Seiches: Panama Canal & Norwegian Fjords

After the great tsunami of 2004, much-needed new attention was placed on the destructive force of large earthquakes, especially those capable of producing large tsunami events.  As a result of this increased awareness, many projects were begun to address the lack of tsunami warning systems around the world.

One project was the creation of a Caribbean-wide seismic network to identify seismic events which could generate a tsunami in this particularly vulnerable region.  My colleague Dan McNamara (USGS) led the multi-institutional project to build this network, where one of the stations was placed on an island found within the Panama Canal, station BCIP of the CU network.

Once the station had been in place for some time, and the data analyzed, a signal was identified in the long period (100 -200 seconds) that demanded further investigation.  As the title of this post suggests, it turned out that the source of this was standing water waves propagated through Lake Gatun, contributed by the ships passing through the canal.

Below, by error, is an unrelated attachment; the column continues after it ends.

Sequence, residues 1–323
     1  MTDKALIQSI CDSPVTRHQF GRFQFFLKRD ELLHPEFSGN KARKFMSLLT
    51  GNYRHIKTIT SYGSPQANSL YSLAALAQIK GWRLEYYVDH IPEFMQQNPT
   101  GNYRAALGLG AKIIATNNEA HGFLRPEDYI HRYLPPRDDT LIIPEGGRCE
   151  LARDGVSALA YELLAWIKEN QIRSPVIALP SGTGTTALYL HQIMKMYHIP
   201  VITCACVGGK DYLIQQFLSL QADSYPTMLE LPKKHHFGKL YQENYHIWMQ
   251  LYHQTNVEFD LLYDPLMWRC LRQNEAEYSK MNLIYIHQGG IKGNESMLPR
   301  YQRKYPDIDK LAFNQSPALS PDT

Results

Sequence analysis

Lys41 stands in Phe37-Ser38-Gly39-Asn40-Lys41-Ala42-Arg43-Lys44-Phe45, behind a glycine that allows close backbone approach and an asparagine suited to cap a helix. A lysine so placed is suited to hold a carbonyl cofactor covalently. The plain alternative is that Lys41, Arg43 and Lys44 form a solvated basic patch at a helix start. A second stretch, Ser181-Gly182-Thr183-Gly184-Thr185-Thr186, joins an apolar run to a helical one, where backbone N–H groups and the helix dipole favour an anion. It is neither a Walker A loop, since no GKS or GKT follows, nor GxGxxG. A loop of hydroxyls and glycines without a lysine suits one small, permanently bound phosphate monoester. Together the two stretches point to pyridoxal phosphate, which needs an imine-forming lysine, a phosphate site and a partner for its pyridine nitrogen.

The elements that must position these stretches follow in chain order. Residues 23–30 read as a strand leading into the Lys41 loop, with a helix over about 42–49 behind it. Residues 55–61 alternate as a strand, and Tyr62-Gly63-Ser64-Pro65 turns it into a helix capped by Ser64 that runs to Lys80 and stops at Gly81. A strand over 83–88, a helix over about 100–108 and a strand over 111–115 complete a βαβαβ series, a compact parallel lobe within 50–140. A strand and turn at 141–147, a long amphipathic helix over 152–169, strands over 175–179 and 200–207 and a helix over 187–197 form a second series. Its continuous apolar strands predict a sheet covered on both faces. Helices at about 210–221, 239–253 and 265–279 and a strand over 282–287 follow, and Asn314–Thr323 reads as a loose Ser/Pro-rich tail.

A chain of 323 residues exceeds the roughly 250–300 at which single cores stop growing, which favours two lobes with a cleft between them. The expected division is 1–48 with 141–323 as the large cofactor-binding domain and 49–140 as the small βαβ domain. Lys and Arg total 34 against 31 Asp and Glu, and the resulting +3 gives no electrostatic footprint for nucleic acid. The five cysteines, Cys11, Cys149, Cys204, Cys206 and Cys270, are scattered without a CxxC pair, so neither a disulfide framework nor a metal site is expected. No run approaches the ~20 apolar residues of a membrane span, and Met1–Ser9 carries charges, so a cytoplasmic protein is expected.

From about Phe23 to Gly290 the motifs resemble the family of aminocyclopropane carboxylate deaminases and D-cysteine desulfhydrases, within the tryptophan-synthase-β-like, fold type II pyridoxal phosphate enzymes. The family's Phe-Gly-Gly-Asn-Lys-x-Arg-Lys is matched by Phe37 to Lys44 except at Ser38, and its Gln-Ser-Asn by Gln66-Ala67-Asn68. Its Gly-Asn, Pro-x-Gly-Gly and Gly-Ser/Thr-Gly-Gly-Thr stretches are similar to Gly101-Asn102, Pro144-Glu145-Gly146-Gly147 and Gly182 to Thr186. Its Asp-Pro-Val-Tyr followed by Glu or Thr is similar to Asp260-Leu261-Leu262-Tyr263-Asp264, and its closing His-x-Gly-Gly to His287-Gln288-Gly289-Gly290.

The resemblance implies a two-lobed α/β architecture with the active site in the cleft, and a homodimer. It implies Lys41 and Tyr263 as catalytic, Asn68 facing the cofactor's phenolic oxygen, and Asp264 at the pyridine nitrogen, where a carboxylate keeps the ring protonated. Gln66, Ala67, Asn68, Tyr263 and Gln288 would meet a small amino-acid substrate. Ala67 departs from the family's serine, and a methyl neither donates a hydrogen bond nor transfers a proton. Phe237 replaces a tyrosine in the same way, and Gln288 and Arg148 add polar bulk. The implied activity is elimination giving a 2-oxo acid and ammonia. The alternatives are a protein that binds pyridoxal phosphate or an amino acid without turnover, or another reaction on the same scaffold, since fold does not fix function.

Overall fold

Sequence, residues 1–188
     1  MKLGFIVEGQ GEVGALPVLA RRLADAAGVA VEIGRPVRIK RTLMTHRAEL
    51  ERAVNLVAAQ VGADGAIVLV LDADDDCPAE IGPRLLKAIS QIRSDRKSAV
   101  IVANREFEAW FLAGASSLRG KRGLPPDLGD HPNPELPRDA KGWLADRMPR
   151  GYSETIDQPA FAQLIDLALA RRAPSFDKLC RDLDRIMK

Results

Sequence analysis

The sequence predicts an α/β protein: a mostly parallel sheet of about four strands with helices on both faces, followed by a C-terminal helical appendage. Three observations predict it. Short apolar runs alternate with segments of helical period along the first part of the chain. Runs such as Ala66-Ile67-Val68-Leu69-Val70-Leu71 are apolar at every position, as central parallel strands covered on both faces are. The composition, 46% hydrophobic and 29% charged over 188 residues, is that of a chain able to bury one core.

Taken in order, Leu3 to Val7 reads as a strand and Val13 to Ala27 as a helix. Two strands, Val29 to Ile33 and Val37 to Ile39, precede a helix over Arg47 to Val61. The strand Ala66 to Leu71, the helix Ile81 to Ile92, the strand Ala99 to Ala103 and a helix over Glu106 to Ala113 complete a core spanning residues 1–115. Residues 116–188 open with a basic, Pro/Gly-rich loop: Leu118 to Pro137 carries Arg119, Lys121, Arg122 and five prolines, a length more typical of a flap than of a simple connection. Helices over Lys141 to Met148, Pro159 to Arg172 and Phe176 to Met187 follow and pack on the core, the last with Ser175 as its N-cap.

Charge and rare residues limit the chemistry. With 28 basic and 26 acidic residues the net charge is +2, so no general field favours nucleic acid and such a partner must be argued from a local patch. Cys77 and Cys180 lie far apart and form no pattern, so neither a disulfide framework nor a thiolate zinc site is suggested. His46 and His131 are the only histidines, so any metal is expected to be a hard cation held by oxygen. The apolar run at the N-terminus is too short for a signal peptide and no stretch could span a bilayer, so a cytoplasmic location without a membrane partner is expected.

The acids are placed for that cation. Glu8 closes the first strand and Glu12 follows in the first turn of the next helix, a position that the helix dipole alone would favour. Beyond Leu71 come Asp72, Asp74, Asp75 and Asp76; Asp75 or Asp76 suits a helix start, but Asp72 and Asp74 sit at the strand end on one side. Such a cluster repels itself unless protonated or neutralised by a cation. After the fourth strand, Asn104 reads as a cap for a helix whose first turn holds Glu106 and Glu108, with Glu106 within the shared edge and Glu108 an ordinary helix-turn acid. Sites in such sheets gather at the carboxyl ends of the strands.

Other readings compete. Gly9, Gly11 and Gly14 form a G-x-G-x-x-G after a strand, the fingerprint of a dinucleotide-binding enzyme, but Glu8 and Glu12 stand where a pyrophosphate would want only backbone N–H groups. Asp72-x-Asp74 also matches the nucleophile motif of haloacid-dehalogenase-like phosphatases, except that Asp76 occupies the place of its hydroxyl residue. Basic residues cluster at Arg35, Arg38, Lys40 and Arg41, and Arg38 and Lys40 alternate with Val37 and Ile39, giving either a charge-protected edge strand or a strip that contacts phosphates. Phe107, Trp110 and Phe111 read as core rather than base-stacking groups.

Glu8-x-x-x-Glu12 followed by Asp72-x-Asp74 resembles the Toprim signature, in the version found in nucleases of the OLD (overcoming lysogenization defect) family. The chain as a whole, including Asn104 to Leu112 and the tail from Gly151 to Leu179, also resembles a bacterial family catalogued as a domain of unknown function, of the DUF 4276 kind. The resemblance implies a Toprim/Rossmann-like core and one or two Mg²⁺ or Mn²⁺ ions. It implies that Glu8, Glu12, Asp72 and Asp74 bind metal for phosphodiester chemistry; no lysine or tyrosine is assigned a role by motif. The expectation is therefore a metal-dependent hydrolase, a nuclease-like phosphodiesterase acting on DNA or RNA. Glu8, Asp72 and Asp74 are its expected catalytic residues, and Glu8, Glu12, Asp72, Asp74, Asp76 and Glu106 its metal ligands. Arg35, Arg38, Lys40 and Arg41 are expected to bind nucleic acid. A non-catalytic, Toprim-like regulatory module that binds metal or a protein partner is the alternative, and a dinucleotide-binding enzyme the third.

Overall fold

A paper describing this phenomenon was written and can be found here.  This provides an example of how sloshing water, much like ocean tides, will readily couple with the surrounding land to create and propagate seismic waves through the earth itself, and how these may be successfully recorded and detected with a land-based seismometer.

Another seiche phenomenon was also recently identified resulting from the Tohoku event in March 2011 in Japan.  Namely, placid fjords in Norway started sloshing some 30 minutes after the earthquake in Japan, caused by the seismic waves of the event propagating around the globe.  A startling video of this can be found here, with an in-depth article found here.  I can’t understand what the people in the video are saying, but they must be very confused since conventional news of the quake most likely had not yet reached them.

So, two examples of seiches and how they relate to seismology: seiches produced by man-made sources and recorded as seismic waves on land, and seiches produced by a large earthquake very far away causing waves in still waters having no obvious local source.

Richard

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